Steve Beasant

Liberal Democrat Prospective Parliamentary Candidate for Great Grimsby and Councillor for the East Marsh Learn more

Greg Mulholland calls for action as stroke survivors feel ‘abandoned’ after treatment

by Steve Beasant on 1 June, 2016

August 2015, blankLiberal Democrat MP for Leeds North West MP Greg Mulholland has called for action as figures published by the Stroke Association show over half (52%) of stroke survivors in Yorkshire and the Humber feel abandoned when they leave hospital.

The charity surveyed over 1,100 stroke survivors living in England about their experience of stroke care and support. The findings also reveal that:

  • A third (32%) of stroke survivors in Yorkshire and the Humber reported that they left hospital without a care plan, returning home without appropriate support in place for their recovery.
  • More than half (53%) of stroke survivors in Yorkshire and the Humber said they were not contacted by a healthcare professional when they returned home from hospital.
  • A third (32%) of stroke survivors in Yorkshire and the Humber stated that they did not receive a vital six-month assessment of their health and social care needs. These assessments monitor how well stroke survivors are recovering and identify additional, tailored support that may be needed to prevent unnecessary readmissions to hospital and care homes.

The survey also found that stroke survivors do not have access to the therapy and support they need to cope with the physical, mental and emotional impact of stroke:

  • One fifth (18%) of all survivors in Yorkshire and the Humber with a physical disability surveyed rated the amount of therapy of they received at home for physical disabilities as either very poor or poor.
  • Half (50%) of all survivors in Yorkshire and the Humber with memory problems said access to support for this was very poor or poor.
  • More than a third (36%) of all survivors in Yorkshire and the Humber who experienced depression or low mood following their stroke said the support they received for this was very poor or poor.

The charity is launching a major new campaign, A New Era for Stroke, which calls on the Government to commit to a new stroke strategy. The current 10 year National Stroke Strategy for England ends in 2017, and the charity is warning that stroke survivors’ recovery will continue to be put at serious risk unless the Government commits to a new strategy.

Jon Barrick, chief executive at the Stroke Association, said:

“These findings are deeply concerning. Currently, too many stroke survivors feel abandoned when they return home as they are not given the right support to begin their rehabilitation. Major strides have been made in the way stroke is treated in hospital; however the same is not true when stroke survivors return home. No one plans for a stroke, but the Government can, and should, ensure that the right care and support is there when people need it most.”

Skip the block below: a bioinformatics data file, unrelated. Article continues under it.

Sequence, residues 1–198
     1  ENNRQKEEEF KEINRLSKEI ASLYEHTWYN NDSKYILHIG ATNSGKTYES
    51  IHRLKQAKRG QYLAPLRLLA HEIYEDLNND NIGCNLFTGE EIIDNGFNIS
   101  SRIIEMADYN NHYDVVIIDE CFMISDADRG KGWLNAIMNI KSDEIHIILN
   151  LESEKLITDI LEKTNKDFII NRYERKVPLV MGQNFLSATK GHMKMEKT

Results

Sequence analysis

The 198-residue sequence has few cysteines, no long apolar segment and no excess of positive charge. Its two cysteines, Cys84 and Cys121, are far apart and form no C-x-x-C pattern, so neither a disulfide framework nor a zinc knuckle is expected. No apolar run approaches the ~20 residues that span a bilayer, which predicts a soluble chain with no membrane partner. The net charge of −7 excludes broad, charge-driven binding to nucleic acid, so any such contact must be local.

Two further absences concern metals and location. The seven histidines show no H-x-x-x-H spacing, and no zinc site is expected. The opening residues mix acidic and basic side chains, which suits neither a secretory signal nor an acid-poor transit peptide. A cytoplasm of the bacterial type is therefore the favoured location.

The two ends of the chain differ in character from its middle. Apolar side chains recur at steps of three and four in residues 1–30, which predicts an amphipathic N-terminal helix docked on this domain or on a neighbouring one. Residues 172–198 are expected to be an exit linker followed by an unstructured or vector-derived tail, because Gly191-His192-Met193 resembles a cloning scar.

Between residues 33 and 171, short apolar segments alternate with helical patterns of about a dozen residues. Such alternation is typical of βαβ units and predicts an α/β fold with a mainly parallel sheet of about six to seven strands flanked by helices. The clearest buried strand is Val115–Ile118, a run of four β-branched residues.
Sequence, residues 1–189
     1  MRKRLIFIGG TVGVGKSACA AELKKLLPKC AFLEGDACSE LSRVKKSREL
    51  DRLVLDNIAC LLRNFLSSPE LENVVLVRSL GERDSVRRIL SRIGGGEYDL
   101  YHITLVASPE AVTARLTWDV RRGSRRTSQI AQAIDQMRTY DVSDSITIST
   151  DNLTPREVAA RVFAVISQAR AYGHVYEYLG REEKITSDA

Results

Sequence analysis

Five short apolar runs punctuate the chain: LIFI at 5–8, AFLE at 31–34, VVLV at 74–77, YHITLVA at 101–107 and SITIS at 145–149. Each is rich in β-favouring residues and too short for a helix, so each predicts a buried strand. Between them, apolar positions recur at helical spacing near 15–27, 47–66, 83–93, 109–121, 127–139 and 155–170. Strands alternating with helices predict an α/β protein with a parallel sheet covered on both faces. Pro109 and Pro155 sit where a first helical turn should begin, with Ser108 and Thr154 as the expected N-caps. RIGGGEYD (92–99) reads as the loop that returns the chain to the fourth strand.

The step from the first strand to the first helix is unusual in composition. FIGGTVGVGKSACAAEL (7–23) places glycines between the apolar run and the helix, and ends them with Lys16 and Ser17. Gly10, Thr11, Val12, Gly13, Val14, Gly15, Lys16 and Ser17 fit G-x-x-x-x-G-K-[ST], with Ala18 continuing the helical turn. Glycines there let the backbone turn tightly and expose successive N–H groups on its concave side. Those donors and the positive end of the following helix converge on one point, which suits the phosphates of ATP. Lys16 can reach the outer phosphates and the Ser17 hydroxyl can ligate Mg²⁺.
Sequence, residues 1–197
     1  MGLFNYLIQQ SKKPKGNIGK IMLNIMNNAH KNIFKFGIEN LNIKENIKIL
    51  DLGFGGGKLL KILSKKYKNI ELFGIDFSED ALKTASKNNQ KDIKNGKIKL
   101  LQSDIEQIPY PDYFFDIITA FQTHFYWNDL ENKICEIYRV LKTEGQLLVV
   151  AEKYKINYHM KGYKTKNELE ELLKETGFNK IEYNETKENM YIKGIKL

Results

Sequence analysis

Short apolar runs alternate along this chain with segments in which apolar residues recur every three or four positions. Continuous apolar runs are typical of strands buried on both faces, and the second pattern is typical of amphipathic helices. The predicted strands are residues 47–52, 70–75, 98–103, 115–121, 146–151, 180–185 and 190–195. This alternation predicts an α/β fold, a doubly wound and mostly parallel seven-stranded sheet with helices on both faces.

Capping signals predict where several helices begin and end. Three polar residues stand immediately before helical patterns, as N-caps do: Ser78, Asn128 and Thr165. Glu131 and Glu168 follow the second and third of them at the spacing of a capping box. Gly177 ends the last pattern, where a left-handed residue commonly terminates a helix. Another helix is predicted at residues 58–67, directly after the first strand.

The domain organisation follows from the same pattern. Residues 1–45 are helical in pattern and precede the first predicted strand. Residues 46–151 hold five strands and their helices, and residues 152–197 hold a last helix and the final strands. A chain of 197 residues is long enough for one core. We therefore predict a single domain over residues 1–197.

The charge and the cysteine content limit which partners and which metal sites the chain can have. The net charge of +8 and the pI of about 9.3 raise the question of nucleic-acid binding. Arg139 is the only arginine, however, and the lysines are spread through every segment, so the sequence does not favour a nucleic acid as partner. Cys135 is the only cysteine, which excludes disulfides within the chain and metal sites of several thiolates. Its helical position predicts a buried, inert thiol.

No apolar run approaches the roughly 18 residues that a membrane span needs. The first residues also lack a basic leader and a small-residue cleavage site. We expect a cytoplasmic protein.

“Stroke survivors have told us that they have had to wait weeks – and in some cases months – for the support and therapy they need to rebuild their lives. For too many people, their support comes too late, it stops too soon, or they don’t have access to all types of therapy they need. We successfully campaigned for the first strategy ten years ago which has led to dramatic improvements in the way stroke is treated in hospital. However this has not carried through to the support that people need once they return home. The Government has said they don’t have plans to renew the stroke strategy, yet almost half (48%) of stroke survivors in Yorkshire and the Humber have said a national plan is needed. That’s why we’re urging people to sign our petition calling on the Government to bring in a new era for stroke.”

The National Stroke Strategy for England was introduced to improve standards in treatment and support for people affected by stroke. As part of its campaign, the Stroke Association is launching a public petition, calling on the Government to commit to a new stroke strategy.

Commenting, Greg Mulholland said:

“While the National Stroke Strategy for England has led to many improvements, there does not appear to have been much progress made in meeting the needs of stroke patients and their families once they leave hospital. We need to develop specialist stroke services that ensure adequate care for patients, especially when over half of stroke survivors in Yorkshire say they end up feeling abandoned. We must help stroke survivors regain their independence and resume an active life, and that’s why I’m backing the Stroke Association’s petition for a new stroke strategy so survivors continue to receive the best possible care after their discharge from hospital.”

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